How did the Clovis West High girls basketball team celebrate its recent record-shattering victory?
By getting disparaged back home.
“A lot of people are taking shots at us and our character based on a final score,” Golden Eagles coach Craig Campbell said by phone from Huntington Beach.
The Clovis West girls have won three straight Central Section titles under Campbell, and six over the past nine seasons. Yet none of those accomplishments garnered the same attention, much of it visceral and negative, as a final score from a preseason tournament played 250 miles away:
“Not sure what this coach is trying to prove,” one Facebook commentator wrote.
“Low-class basketball being played at Clovis West,” wrote another.
“Embarrassing lack of sportsmanship,” wrote a third. “Clovis West should be ashamed!”
When the final score crossed my computer screen Sunday evening, I grimaced, too. There is nothing sporting about one basketball team pulverizing another by a section-record 105 points.
We never have nor will we ever intentionally rub someone’s nose in it.
Clovis West girls basketball coach Craig Campbell
Except all blowouts are not created equal. There’s a vast difference between a coach who mercilessly runs up the score and one who takes every measure not to – short of ordering his players to pass the ball around each possession until the 30-second shot clock expires.
Which would make the game even more of a farce than it already was.
“We weren’t trying to get 100,” Campbell insisted. “We weren’t trying to get a record. It was nothing to celebrate at all. It almost feels like an emotional hangover as opposed to something you’re happy about.”
Well before the opening tip, the difference between the two teams was evident. While Clovis West arrived at the gym 1 1/2 hours early, Rivera didn’t show up until just before warm-ups. In addition the Huskies, in the views of Campbell and one other observer, did not appear to be taking the game with the utmost seriousness.
“They were laughing and goofing off the whole time,” Campbell said. “It seemed like horseplay to them.”
(I left two phone messages with Rivera coach Shamekka Higgins that were not returned.)
The Golden Eagles began the game in their trademark full-court press. Campbell called it off midway through the first quarter “when it became clear they were not going to be able to advance the ball past midcourt.”
By the time the first quarter ended, Clovis West led 42-3 and 11 Golden Eagles had entered the game. By halftime, with the score 74-3, that number included all 14 players on the roster. No starter played more than 13 minutes.
Those are the games when you’re cheering for the other team to score.
Clovis West spent the entire second and third quarters in a soft zone defense. In the fourth, Campbell switched to man to man and instructed his players not to guard outside the three-point line.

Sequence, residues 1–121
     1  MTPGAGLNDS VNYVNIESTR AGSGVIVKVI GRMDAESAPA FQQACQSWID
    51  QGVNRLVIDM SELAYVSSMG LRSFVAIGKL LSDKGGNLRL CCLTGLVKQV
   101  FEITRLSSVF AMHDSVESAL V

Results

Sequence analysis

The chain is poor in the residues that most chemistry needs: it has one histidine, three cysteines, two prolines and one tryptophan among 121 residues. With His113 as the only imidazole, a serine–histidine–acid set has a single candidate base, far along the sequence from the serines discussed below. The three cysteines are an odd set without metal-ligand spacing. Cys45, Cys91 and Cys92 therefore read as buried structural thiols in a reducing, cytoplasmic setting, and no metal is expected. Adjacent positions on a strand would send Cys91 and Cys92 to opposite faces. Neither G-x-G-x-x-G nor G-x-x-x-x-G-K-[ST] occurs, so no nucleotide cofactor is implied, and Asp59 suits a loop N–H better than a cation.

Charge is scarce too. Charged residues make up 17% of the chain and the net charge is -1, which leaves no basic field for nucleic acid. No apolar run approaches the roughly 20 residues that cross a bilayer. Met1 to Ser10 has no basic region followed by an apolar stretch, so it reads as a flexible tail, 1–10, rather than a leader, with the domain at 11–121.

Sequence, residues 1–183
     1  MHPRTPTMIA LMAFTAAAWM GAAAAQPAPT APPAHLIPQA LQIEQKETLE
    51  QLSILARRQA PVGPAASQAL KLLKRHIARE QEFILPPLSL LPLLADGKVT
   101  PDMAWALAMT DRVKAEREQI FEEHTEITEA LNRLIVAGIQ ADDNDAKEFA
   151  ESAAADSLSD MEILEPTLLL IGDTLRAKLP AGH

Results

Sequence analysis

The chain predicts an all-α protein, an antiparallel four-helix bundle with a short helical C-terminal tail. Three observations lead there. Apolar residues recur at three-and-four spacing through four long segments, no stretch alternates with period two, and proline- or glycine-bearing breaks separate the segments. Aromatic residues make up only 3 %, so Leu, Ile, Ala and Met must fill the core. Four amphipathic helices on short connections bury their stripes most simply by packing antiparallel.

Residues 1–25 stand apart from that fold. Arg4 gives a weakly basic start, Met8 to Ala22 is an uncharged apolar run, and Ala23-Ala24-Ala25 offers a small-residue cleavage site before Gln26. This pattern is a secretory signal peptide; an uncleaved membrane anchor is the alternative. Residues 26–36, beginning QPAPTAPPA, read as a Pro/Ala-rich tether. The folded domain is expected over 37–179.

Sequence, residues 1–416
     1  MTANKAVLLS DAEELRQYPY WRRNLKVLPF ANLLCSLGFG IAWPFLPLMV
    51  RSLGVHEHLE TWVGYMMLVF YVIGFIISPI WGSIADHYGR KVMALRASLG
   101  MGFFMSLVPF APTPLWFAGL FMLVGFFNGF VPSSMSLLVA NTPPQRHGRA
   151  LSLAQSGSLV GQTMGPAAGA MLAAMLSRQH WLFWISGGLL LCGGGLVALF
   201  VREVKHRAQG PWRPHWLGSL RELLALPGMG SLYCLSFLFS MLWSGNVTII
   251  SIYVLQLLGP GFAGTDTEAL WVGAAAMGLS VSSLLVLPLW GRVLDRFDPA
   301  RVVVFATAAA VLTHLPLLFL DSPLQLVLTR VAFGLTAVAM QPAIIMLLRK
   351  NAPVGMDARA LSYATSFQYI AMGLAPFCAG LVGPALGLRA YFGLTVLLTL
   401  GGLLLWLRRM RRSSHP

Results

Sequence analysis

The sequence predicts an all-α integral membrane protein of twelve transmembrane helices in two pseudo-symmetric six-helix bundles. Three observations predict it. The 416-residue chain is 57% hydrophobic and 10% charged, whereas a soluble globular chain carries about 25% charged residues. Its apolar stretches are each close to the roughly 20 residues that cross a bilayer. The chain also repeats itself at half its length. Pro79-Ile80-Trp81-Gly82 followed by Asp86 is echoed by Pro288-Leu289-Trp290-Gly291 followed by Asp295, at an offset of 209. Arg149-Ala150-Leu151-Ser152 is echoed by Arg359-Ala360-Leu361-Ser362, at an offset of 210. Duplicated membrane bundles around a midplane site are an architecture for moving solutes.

In California high school girls basketball, games with a 40-point differential entering the fourth quarter are played with a running clock. The team on the losing end has the option to ask for one earlier. Rivera never did.
“We never have nor will we ever intentionally rub someone’s nose in it,” Campbell said. “But this was one of those games where it could have been a 200-point win – had we wanted that.”
Lopsided scores in high school girls basketball are nothing new.
In 2010, former Hanford coach Tom Parrish caught some flak for allowing his team to launch 70 three-pointers during a 117-31 thrashing of Mt. Whitney.
More recently, the coach of an Arroyo Valley-San Bernardino team that won 161-2 (and pressed the entire first half) was suspended two games by his administration.
Despite the enormous advancements in girls’ high school sports, parity remains a long ways off. Besides 114-9, Clovis West (ranked No. 13 in preseason by Cal-Hi Sports) has won this season by scores of 101-9, 62-15 and 84-20.
Rivera, meanwhile, one day after getting clobbered by the Golden Eagles, lost 67-7.
“The final score doesn’t reflect the disparity in talent between the two teams or the way the game was played,” Campbell said. “It’s the difference between a team with eight (future) college players and one that lost the next night by 60 points to a 2-6 team.”
I suspect a lot of the vitriol directed at the Golden Eagles came from fans of other high schools that don’t like Clovis West because they win so much.
I suspect a lot of the vitriol directed at the Golden Eagles came from fans and alumni of other high schools that don’t like Clovis West because they win so much. Success often breeds jealousy and contempt.
I also suspect those detractors wish Clovis West would get a taste of its own medicine.
Oh, wait. They have.
Two years ago, when most of the nucleus of this Golden Eagles team were freshmen playing junior varsity, they lost by 80 points to powerhouse St. Mary’s-Albany.
“We didn’t cry about it, and we didn’t make excuses,” Campbell said. “Instead, we used it as motivation to get better.”
On one hand, 105-point wins are nothing to brag about. On the other, Clovis West has no reason to apologize.